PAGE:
“Flyer Stuffing and Distribution” is not a purpose of a training function, but it is currently listed as a prime responsibility for a current job opening for a National Training Manager. The advertisement for this new role in a growing company caught my eye because of the other oddly attached responsibilities that had been blended into this job description. While many of the duties did tie into a training role, too many did not and will cause this function headaches in the future.
In addition to having the talents of an instructional designer, facilitator and previous management experience, “organizing catalog content and placement” ranked high on their required skills list. But my favorite was “Drive training revenue through (are you ready for this) filling classroom seats!”
So aside from listing activities that are unrelated to the competencies of a training professional, this organization will measure training value by measuring butts in seats. While most training professionals are measuring return on investment through changed behaviors in participants and being able to perform assigned duties correctly, this group has a much different approach.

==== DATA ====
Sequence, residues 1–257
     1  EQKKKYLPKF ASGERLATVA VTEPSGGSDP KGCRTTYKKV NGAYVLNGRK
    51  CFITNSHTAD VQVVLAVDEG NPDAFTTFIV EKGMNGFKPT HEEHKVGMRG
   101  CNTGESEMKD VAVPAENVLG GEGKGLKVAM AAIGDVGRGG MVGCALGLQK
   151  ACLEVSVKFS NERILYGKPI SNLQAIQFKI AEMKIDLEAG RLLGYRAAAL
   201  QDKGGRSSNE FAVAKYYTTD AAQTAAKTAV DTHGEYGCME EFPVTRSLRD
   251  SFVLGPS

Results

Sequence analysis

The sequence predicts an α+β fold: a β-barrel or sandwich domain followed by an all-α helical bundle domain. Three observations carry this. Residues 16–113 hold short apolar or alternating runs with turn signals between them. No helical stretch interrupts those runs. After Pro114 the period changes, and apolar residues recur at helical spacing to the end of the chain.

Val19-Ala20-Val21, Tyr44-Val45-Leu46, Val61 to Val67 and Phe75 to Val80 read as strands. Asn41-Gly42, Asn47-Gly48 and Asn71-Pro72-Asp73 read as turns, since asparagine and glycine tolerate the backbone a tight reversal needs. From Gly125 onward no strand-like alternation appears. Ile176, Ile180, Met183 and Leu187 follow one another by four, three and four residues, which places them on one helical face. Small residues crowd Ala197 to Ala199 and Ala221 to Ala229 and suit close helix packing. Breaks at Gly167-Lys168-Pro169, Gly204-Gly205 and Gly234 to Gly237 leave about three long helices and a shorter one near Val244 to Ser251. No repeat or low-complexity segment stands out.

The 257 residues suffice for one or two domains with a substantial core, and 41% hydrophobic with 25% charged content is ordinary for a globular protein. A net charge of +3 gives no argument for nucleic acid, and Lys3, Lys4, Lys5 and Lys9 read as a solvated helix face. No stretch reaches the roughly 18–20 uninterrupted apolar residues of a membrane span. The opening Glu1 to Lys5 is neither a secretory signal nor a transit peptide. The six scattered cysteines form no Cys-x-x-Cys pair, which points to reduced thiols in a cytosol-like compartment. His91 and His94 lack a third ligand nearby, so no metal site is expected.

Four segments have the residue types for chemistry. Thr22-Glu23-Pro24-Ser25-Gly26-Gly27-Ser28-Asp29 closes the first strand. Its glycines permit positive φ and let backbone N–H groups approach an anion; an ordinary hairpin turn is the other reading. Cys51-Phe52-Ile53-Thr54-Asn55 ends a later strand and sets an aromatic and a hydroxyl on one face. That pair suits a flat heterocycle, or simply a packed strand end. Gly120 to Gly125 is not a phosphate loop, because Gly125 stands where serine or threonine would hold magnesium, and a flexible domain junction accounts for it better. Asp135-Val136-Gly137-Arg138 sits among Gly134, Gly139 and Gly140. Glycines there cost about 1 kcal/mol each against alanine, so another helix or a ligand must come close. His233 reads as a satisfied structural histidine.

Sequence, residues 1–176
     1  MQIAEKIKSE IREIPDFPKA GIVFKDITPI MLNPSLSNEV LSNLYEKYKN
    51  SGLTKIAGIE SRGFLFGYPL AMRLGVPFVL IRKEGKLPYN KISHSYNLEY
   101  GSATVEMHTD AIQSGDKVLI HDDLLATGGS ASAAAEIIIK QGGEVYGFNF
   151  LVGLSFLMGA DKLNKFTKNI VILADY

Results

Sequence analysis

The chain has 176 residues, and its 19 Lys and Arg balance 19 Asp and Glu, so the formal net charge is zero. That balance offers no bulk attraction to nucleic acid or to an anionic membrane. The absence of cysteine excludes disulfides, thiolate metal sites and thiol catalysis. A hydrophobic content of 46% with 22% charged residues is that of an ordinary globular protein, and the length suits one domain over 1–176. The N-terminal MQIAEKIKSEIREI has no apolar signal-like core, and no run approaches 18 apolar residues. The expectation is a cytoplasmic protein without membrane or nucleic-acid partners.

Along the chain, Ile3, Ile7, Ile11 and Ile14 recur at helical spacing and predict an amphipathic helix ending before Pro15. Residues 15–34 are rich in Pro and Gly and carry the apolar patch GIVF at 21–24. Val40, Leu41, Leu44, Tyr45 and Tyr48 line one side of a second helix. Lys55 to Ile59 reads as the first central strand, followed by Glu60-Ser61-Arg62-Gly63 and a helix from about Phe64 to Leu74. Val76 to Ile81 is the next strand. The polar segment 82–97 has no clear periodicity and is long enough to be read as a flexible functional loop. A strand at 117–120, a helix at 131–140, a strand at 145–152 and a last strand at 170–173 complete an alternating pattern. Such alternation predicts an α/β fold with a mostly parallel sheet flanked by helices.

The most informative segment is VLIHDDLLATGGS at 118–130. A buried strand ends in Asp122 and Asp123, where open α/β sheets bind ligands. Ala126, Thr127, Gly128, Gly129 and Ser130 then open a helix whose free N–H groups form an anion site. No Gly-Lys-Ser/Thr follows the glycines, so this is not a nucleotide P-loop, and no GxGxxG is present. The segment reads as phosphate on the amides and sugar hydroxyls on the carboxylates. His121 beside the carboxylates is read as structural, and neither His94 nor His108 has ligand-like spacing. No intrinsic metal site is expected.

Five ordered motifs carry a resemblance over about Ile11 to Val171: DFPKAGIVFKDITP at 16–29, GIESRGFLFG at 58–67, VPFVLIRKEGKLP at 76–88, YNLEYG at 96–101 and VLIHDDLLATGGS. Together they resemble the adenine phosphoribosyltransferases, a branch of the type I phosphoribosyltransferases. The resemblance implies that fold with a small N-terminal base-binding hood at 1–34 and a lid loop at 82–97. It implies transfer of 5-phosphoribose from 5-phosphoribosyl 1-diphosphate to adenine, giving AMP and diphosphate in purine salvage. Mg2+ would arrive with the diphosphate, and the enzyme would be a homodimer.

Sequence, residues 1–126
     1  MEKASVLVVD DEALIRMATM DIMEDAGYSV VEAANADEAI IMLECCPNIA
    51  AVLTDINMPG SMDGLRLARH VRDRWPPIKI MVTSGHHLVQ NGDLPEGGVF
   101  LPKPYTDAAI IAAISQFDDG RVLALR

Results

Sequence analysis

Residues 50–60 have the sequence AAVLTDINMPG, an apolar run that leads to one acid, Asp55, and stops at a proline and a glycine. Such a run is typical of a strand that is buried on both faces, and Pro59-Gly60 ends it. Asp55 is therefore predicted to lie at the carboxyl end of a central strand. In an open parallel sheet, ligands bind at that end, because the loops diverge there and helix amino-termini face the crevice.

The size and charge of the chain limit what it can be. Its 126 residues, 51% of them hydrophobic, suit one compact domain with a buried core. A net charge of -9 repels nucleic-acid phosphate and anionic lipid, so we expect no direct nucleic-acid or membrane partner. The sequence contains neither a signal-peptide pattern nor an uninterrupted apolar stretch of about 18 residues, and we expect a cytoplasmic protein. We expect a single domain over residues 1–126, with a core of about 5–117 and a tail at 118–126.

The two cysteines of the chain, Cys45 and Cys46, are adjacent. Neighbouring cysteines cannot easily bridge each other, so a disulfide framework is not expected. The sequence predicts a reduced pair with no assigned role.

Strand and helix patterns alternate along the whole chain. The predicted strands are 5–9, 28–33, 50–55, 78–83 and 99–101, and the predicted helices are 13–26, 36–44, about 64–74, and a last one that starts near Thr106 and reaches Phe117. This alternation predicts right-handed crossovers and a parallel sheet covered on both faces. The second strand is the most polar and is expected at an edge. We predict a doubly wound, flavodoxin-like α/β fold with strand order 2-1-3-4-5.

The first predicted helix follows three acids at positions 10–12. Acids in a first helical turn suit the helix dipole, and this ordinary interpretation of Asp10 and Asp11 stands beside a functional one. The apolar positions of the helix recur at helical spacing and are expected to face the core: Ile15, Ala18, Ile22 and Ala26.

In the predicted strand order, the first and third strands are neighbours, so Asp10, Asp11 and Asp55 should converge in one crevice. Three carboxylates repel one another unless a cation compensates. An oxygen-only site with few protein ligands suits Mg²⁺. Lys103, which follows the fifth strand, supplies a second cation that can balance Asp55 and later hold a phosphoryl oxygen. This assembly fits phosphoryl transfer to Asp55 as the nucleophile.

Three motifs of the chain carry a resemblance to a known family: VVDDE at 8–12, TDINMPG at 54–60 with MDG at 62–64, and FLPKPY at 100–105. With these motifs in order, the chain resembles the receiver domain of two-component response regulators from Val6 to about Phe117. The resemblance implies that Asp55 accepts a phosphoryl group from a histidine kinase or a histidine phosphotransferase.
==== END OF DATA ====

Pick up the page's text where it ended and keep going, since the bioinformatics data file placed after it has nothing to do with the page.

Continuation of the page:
The new National Training Manager that gets this job will either land up being a novice that goes along with the insanity, or spend countless hours trying to change the perception and value of the training function. Although it will be an uphill battle, I hope for this company’s sake they hire the latter of these two options. They are so off course right now that it is scary, and yet it probably is not their fault.
I believe that training and the role it plays within an organization is the result of management’s combined experiences. If training has been seen as a strategic partner, then those managers will advocate for that role. If training has been mostly seen as the hosts of meetings and the supreme talent for arranging the donuts, then they will be supporting those job tasks.
If you are managing a training function, and do not already have a written mission statement, take the time to write one up. Spend time with management and check in to see if they all agree to the role and purpose of training. Make sure you are living up to their expectations if they are functions of training, and work to educate those with misconceptions.
If you need outside help, just let me know!